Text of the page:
In 1854, Sturgeon Bay was still in its infancy—in fact, it hadn’t yet acquired an official name. The new community counted among its residents Native Americans, early business opportunists and rough characters from various parts of the world hoping to eke out an existence on its unspoiled land. Wild, old-growth forests populated much of its shoreline, which attracted early entrepreneurs of the lumber industry, such as Robert Graham, who helped shape Sturgeon Bay’s early history.

Robert’s older brother Oliver Perry Graham, who in 1849 staked the first official claim in Sturgeon Bay, settled in with his family when there were just a handful of other residents—mostly bachelors—in the area. By the time his brother Robert and Robert’s wife Josephine arrived in Sturgeon Bay in 1854, there were a few more families, but the majority of the community’s 200 residents were single men working in the community’s two lumber mills.

While Oliver Perry and his family eventually moved further north to Egg Harbor, Robert and Josephine and their eight children sunk down deep roots in Sturgeon Bay and forever became part of the fabric of the community.

Josephine Graham, née Mouton, was born in Cuba in 1828 to parents who were originally from South Carolina. By the 1840s, Josephine’s family had returned to the United States, and she eventually settled on Rock Island, Door County’s northern-most island. At that time, Rock Island was a thriving community, teeming with fishermen, including the Graham brothers, who were Ohio natives of Scottish descent.

While it is not clear what brought Josephine to this remote island in Lake Michigan, we do know that Josephine and Robert were married there in 1846, and soon after started a family. By the time they moved to the peninsula almost a decade later, Josephine had already given birth to the first five of their eight children: Hugh, Eli, William, Robert and Josephine.

Shortly after relocating his family to the shores of what is now Sturgeon Bay, Robert established himself as one of the leaders of the community. He recorded the first plat of Sturgeon Bay in 1855—which was briefly called the Village of Graham in his honor—and joined the burgeoning timber industry by building his own lumber mill—Sturgeon Bay’s third, known as the Lower Mill—on the shorefront which was located just north of the present day Graham Park.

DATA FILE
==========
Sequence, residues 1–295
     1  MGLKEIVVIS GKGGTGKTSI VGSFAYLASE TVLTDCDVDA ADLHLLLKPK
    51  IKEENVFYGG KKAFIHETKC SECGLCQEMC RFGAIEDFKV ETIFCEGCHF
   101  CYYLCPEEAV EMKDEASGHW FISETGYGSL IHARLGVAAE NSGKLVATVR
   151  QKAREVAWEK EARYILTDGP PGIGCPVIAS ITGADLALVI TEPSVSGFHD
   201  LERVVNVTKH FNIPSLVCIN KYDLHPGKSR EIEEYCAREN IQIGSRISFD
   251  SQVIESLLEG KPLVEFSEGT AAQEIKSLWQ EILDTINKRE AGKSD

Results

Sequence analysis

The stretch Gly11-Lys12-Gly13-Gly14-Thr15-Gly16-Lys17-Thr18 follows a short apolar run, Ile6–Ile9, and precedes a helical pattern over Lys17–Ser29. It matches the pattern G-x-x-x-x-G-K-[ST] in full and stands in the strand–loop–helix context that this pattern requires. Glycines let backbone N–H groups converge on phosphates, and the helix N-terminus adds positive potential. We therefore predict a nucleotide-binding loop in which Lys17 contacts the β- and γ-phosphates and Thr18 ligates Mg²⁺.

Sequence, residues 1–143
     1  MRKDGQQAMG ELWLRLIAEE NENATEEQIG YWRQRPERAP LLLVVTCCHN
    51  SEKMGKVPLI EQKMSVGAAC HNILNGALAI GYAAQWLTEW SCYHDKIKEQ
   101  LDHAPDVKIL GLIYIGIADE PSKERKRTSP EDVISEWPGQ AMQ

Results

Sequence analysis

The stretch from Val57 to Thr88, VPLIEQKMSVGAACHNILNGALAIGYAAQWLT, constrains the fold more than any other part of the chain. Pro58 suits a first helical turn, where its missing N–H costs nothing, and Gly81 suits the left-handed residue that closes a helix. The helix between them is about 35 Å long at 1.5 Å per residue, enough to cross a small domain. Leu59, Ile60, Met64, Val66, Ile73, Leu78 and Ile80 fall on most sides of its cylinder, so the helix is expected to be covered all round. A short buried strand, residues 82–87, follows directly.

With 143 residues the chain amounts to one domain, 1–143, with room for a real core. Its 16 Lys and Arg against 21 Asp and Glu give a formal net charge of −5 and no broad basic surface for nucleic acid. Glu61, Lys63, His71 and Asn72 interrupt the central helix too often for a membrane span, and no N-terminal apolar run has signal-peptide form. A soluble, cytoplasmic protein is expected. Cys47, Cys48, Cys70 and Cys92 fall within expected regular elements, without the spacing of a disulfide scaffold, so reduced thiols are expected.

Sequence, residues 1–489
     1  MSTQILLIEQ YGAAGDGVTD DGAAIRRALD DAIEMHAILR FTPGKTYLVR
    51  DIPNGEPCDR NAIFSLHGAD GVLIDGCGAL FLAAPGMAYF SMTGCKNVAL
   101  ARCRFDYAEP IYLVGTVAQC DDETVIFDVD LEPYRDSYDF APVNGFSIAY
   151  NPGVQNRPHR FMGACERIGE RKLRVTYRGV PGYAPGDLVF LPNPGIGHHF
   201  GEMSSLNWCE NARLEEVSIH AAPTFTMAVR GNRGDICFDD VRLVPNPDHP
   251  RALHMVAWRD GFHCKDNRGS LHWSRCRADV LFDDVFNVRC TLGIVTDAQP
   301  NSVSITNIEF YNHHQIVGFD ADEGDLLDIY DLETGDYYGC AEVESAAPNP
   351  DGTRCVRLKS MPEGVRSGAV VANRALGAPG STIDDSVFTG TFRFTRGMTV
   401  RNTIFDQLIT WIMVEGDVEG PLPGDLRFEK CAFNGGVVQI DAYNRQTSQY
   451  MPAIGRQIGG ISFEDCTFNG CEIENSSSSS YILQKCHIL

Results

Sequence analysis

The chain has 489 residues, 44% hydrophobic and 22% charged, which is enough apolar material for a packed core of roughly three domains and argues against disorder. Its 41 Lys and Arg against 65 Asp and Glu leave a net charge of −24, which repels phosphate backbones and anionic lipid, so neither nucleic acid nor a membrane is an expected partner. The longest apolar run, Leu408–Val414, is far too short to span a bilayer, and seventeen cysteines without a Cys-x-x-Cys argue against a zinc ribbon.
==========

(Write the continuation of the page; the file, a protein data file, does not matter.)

Unfortunately, the lumber industry was hit hard by the financial panic of 1857 and all the lumber mills—including the Graham mill—went out of business around that time. Unlike many others associated with the mills, the Grahams did not pick up and leave when the lumbering business failed. Instead, Robert focused on his other endeavors of storekeeper, postmaster and fisherman. During the ensuing years he wore a variety of hats within the community—justice of the peace, town clerk, school district clerk, real estate agent, shipbuilder and captain of his family’s fishing and shipping business.

While living in Sturgeon Bay, Robert and Josephine added three more children to their brood: Joseph, Lucy and Charles. By all accounts, the family was close and worked many of the businesses together. Sons Robert and Eli were early mail carriers when they were as young as 11 and 12 years old, riding mules 50 miles through the woods to pick up and deliver the mail to Green Bay. Sons Hugh, Eli and Joseph all worked in the family fishing business.

Like many pioneers, their family was not untouched by tragedy. By the time of Josephine’s death from tuberculosis in 1883 at the age of 55, she had already outlived four of her eight children. Youngest son Charlie drowned in the bay in 1870 at the age of 9, as the result of a boating accident, and oldest son Hugh died in 1878 at the age of 30 from complications following surgery. Two of her children succumbed to the same disease as Josephine—son Joseph died in 1880 at the age of 22 and daughter Lucy in 1883 (just a month before her mother) at the age of 24, both from tuberculosis.

Another daughter, Josephine, would also die from tuberculosis in 1889 at the age of 36, just seven months after giving birth to her third child. Both daughters, Lucy and Josephine, had taken turns nursing their sick mother, so they likely contracted the disease from her.

Most likely it was Robert himself who unwittingly brought home the illness that would eventually take such a heavy toll on his family. When he died in 1873 at the age of 49, his obituary in the Door County Advocate described how Robert contracted the disease in 1860 when the lure of Pike’s Peak Gold Rush drew him to Colorado where, “he was attacked with a fever, from the effects of which he never fully recovered, which undoubtedly hastened his death.”

There is little doubt that Robert and Josephine left their mark on the community that they helped create. Although Josephine’s obituary is sparse—as is typical for women during this era—Robert’s is full of detail, describing him as “an energetic business man—never idle; of good business habits, strict integrity,” and “universally respected by his friends and neighbors.” Robert Graham’s strong pioneer spirit, many business endeavors and community leadership helped found the city of Sturgeon Bay.

And his wife Josephine—equally strong in pioneer spirit—was beside him every step of the way.

Sources: Door County Advocate archives; History of Door County, Wisconsin: The County